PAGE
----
As a big Angelina Jolie admirer, I trundled my lazy Saturday afternoon self over to my neighborhood multiplex, bought the requisite popcorn (extra butter please), chocolate milk and water for only $15 and prepared to try very hard to like the film for Angelina’s sake. I am not sure what I expected but the names Jolie and Coen did not lead me to believe I would be transported back to the 1950s. And that’s where I went. It was the Royal Theater in Northome, Minnesota and my cousin Audrey was selling tickets out front. On screen there was a very handsome and brave young Gregory Peckish-looking guy, bravely surviving the war against unimaginable odds. Popcorn was 10¢.

Would you believe there’s no sex, no cursing, no gratuitous violence in this Jolie/Coen film—it is, purely and simply, a war hero movie about how a very handsome young Italian guy who had just won an Olympic medal survived a couple of months at sea and an excruciating and extended time as a Japanese prisoner of war. It also happens to be a true story.


Into the Woods. My Oscar-obsessed movie-watching sprint actually started last week when I saw my first 2014 Oscar-possibility film, “Into the Woods.” The Albuquerque girls joined me for the launch—and were less than excited. Musicals just aren’t their thing…and fairy tales not far enough in their pasts for them to find pleasure in the Prince cheating on Cinderella or the Giant being female.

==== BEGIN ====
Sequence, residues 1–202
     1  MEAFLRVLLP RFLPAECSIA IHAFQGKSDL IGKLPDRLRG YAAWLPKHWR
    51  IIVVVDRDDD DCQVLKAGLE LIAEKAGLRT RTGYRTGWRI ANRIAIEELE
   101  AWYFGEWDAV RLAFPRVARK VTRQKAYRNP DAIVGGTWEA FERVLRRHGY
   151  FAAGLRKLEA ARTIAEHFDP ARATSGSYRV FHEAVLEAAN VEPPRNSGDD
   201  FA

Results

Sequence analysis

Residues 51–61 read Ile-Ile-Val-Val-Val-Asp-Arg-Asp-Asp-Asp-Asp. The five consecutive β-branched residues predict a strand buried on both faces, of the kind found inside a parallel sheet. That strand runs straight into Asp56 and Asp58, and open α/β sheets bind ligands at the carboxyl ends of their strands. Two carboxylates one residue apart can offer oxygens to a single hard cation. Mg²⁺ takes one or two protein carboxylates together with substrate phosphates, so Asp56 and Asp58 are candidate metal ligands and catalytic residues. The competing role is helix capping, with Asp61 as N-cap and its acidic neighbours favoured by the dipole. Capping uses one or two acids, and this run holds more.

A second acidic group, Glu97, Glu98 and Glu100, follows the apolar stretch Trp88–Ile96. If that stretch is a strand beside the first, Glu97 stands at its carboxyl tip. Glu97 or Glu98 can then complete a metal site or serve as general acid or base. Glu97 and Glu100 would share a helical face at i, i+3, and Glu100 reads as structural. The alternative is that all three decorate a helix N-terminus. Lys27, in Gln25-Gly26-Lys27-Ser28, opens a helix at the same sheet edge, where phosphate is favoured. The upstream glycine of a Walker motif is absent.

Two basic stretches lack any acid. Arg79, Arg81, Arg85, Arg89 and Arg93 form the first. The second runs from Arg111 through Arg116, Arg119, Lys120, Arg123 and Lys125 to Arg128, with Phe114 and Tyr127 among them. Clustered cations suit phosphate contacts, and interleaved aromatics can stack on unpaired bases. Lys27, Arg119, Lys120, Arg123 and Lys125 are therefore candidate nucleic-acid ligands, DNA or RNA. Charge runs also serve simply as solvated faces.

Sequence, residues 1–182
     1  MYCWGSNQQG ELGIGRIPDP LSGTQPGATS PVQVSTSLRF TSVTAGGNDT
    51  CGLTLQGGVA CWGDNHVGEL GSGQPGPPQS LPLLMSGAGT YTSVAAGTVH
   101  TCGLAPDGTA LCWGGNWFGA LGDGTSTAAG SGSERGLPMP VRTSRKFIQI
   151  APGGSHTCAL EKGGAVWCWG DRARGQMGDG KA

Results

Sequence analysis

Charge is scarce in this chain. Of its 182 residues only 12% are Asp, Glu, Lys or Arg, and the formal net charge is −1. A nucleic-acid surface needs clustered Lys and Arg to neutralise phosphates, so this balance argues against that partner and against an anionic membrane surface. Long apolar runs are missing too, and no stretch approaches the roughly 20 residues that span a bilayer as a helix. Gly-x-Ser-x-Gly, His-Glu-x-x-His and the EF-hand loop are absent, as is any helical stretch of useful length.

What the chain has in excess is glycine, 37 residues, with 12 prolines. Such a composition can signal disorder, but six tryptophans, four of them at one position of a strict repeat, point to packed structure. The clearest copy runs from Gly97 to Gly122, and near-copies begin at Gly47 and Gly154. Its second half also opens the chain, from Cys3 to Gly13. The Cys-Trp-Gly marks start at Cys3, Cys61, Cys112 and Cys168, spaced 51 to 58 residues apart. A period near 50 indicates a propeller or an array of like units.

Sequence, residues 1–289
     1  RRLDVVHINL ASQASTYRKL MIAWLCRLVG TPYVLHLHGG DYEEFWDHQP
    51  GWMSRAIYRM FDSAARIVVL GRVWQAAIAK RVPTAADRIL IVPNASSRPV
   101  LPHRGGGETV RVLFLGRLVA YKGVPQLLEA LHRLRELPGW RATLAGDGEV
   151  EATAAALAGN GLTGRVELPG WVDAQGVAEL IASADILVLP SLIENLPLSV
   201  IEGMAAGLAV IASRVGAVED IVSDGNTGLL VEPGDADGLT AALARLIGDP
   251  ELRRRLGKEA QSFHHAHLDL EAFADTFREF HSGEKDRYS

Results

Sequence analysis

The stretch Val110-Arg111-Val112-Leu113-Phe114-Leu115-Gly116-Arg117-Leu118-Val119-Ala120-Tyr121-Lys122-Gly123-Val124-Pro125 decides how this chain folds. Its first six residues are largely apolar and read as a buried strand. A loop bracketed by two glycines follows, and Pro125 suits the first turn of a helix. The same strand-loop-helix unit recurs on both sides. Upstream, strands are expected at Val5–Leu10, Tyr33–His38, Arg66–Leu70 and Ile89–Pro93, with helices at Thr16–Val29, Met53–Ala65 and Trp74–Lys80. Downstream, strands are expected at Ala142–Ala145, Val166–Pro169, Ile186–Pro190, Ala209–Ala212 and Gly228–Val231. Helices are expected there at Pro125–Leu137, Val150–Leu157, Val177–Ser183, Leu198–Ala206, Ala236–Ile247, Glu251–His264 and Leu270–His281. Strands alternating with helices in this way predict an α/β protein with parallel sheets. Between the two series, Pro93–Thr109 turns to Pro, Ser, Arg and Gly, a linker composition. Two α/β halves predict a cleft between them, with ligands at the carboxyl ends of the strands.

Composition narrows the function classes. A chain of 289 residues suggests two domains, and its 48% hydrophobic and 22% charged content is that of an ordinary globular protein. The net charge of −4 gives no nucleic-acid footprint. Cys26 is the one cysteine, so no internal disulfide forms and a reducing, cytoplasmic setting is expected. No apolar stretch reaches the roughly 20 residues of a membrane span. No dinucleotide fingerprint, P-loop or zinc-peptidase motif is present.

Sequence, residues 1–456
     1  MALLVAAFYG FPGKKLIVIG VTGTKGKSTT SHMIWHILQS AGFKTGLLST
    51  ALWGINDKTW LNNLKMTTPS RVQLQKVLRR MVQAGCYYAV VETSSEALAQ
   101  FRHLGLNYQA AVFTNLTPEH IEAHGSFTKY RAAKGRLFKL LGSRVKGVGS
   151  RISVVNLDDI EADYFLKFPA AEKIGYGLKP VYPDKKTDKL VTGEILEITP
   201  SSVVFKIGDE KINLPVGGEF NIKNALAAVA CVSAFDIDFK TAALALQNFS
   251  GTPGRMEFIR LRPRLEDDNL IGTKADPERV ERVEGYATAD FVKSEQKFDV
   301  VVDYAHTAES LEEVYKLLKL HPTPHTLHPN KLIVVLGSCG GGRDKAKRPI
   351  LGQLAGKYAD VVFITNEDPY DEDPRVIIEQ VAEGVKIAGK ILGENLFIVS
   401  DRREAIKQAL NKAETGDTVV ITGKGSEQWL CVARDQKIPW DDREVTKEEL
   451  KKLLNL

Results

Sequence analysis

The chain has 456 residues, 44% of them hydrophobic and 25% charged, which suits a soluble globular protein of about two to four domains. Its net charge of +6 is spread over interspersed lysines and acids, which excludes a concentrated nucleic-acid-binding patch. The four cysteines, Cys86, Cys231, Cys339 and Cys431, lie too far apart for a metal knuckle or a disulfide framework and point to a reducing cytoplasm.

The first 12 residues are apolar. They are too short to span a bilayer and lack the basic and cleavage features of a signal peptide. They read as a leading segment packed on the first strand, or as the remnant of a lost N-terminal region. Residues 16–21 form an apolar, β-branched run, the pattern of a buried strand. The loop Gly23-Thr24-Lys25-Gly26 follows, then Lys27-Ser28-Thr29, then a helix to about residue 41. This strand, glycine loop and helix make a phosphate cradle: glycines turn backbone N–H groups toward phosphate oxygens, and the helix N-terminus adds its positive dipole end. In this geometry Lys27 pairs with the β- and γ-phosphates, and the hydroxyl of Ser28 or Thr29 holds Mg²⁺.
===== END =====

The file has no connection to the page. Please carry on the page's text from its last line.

I thought…what did I think? Musicals aren’t my favorites either. But there is the obligatory one every other year or so, right? Two years ago it was “Les Misérables” and, yes I am going to say it, I was indeed somewhat miserable during much of it…as were my two musically unsophisticated companions. “Into the Woods” was better but only by a few degrees. Okay so it was very well-done, the singing was brilliant (if you like…), the songs clever and …, Meryl Streep, of course, is a great witch and the cynical edge to the notion of ‘happily ever after’ was much appreciated. By me at least.

My recommendation is this. If you love musical theater/film definitely go; actually you’ve already gone. If you are not in love with that genre but remember fairy tales ever so fondly you should also go—unless you need them unadulterated. If you have an Oscars’ obsession that demands you see every nominated film—there’s no choice. Go, get it over with, you’ll feel better about yourself for not having cheated. Because, even if it doesn’t make the final list of best picture nominees, you know Meryl Streep will be nominated and that counts.